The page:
- Consistent refresh cycles – Agencies often struggle with maintaining refresh cycles that are in line with technological advancements, but with the burden of delivery now switched to the vendor in an XaaS model, refresh cycles are consistent and timely.
As great as XaaS sounds, those that view the XaaS offering as a panacea should be warned of the following realities:
- It’s More Expensive – A hefty vendor premium is associated with the service, usually anywhere from 20-75 percent of what it would cost to efficiently run a service under the Ownership Model.
- Lock-In Is Real– Once agencies outsource a service to a third party vendor, that vendor is effectively locked in. Even if contracting shops incorporate aggressive service and operating level agreements, the cost of switching vendors mid-contract is usually so disruptive to the organization that many agencies choose to remain with underperforming service providers.
- Vendor Management Skills Are Underdeveloped – A new skill set, not native to traditional federal acquisition management, is Strategic Vendor Management (SVM). Unlike traditional post-award contract management, SVM establishes a continuous improvement process with its vendors in order to increase their value delivery. Executed properly, it is a joint activity that should be shared between IT, finance and acquisition experts. SVM is a skill that needs to be quickly learned to deal with outsourced vendors.
- Tough Staffing Decisions Are Required – Many federal organizations find it challenging to reduce staff or infrastructure quickly. However, if agencies do not downsize or re-allocate their support staff to accommodate the services that the IT vendor provides, the agency will end up double-paying for these services.
How to Assess the Best Option for an Agency
Each agency has its own unique needs and requirements that nuances any “lease vs. buy” decision. An upfront investment in understanding an agency’s requirements will go a long way in determining the ideal solution. As business cases are developed, each agency should consider the following approach:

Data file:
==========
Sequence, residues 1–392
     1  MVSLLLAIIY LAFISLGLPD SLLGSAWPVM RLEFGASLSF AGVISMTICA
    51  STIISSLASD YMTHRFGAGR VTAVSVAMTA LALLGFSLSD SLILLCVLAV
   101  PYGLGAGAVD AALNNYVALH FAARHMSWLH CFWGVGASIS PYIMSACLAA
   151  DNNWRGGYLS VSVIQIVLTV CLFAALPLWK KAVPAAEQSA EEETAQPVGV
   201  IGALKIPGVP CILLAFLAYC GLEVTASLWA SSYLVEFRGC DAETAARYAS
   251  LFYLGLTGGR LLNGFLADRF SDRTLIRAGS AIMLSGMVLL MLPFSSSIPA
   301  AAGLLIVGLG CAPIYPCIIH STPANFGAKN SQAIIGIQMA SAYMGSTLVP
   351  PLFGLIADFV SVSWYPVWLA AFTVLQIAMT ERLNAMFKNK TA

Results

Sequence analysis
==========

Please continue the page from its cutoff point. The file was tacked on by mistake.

- Determine Organization Requirements – Like any traditional IT procurement, agencies should invest effort to understand their requirements such as service levels, refresh rates, scalability, security, etc.
- Understand Agency Tradeoffs – Every agency wants to obtain best-in-class service levels for the lowest cost in the most secure environment. But it is simply unrealistic. Agencies must prioritize what they value the most, whether it is cost savings, service level improvements, scalability, asset control, job preservation, or security. Understanding which levers are most important will help filter the solutions best suited for each organization.
- Assess Administrative Capabilities – Agencies must determine if their contracting shop has adequate SVM skills. If not, the XaaS option becomes much more complex. Agencies must factor into their business case the appropriate training and investment to improve vendor management capabilities.
- Determine Ability to Re-allocate Resources – Agencies must understand how easy it is to re-allocate staff whose jobs will be outsourced in an XaaS environment. Failure to account for these situations and involve the right parties upfront can cause difficult political battles and leave a business case in shambles.
The Final Word
The introduction and adoption of XaaS into the federal space provides agencies another viable procurement option for IT goods and services. However, agencies should exercise caution before jumping on the XaaS bandwagon. Failing to fully understand agency requirements, skill levels, and the political climate may lead to costly mistakes, such as getting locked in to an expensive multi-year contract with an underperforming vendor or double-paying for a service. Upfront effort to prioritize requirements, decision drivers, and skill sets will help agencies determine if XaaS is the right model for their needs.